The downtown Salt Lake office of Arizona's Western Savings and Loan Association is one of the S&L's most profitable branches, and its credit card operations in Murray have proved productive.

But that hasn't been enough to save the entire institution from the ravages of Phoenix's depressed economy and invasion of federal regulators.Last week regulators converged on Western's headquarters in Phoenix, declaring Arizona's second largest thrift insolvent and placing it under conservatorship of the Federal Deposit Insurance Corp.

The Salt Lake branch remains open, and individual deposits are insured up to $100,000 by the Federal Savings and Loan Insurance Corp. Western's credit card office in Murray, which employs about 80 people, also remains in operation.

"I have been led to believe nothing will change locally, so it's business as usual," said Stephen Coltrin, manager of Western's Salt Lake branch.

While many of Utah's savings and loan's experience excessive withdrawals as Congress deliberates on how to deal with the nation's insolvent thrifts, Western's Salt Lake branch added $2 million in new deposits last month to its $20 million deposit base, Coltrin said.

"This branch is one of the best performing branches we've got," he said.

The entire Western institution hasn't been so lucky. As of April 30, Western had $5.78 billion in assets and $5.99 billion in liabilities. On May 31, the institution was $85.8 million below the federally required capital level.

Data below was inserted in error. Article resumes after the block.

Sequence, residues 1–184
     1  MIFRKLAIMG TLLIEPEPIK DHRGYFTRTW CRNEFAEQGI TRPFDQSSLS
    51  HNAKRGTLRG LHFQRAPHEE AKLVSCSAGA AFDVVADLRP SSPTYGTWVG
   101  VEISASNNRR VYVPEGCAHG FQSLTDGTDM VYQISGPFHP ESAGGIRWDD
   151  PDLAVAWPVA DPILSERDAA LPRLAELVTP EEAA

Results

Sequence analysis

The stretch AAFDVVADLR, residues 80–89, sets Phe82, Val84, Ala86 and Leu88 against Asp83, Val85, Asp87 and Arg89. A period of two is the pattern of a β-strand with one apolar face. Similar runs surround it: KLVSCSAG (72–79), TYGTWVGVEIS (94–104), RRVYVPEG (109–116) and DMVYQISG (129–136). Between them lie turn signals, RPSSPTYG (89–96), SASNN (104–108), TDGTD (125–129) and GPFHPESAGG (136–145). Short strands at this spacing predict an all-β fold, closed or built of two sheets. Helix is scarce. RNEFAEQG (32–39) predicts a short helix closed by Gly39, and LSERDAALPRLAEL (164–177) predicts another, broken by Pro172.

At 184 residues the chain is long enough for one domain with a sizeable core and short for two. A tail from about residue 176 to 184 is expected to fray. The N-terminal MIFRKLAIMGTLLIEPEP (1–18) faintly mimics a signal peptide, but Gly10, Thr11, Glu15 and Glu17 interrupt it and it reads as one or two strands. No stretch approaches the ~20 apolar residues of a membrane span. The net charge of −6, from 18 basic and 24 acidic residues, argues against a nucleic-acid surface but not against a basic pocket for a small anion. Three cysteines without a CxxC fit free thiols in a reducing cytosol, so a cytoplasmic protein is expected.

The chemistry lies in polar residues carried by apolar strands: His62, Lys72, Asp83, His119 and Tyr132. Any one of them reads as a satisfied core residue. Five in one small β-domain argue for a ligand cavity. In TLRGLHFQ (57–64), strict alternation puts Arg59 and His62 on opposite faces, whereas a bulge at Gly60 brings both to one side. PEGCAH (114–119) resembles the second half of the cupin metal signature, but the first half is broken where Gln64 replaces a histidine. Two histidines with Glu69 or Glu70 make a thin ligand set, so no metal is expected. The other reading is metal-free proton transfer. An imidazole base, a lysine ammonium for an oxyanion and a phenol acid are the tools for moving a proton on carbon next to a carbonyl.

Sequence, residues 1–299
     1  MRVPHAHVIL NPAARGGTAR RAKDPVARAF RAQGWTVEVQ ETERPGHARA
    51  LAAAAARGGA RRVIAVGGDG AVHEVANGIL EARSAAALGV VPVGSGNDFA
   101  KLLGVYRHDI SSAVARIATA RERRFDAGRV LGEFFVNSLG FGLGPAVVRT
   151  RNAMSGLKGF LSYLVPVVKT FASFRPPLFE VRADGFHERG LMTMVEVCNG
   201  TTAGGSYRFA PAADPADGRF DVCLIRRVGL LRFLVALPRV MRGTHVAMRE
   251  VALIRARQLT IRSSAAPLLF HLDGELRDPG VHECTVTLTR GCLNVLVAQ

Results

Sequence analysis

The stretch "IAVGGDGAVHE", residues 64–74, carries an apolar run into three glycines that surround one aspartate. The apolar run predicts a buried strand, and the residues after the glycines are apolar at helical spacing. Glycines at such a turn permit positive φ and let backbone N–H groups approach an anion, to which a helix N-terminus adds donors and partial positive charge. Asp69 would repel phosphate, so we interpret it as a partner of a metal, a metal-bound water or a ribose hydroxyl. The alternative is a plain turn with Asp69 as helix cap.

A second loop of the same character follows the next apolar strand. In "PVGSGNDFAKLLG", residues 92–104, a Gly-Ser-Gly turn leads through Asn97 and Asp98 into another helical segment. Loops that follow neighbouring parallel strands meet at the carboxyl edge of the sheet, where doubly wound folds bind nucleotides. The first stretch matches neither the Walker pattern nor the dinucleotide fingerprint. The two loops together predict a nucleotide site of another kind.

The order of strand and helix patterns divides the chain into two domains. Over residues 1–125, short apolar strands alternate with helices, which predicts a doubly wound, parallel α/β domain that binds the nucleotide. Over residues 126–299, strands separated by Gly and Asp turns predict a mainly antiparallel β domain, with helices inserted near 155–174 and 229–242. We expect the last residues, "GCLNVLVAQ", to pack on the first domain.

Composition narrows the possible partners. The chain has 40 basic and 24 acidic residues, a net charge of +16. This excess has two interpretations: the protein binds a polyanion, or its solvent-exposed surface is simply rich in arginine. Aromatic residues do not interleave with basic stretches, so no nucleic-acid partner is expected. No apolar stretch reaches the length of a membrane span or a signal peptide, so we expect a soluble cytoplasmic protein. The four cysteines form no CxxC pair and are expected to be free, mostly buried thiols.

FDIC spokesman Alan J. Whitney blamed Western's woes on the Phoenix area's depressed real estate economy, according to Associated Press. Western was a big player in Arizona's now overbuilt commercial real estate market.

Whitney said 35 percent of Arizona's banks lost money last year, the highest percentage in the nation.

Utah went through a similar economic slump two years ago, and the state's financial institutions suffered. Among the victims were American Savings, Deseret Federal Savings and MountainWest Savings, all now operating under FDIC conservatorship as part of a nationwide program to resolve the savings and loan industry's problems.

Another S&L with offices in Utah but based out-of-state and under regulatory management is Sandia Federal Savings.

FDIC officials said legislation to fund a bailout of S&L depositors should be in place by summer's end.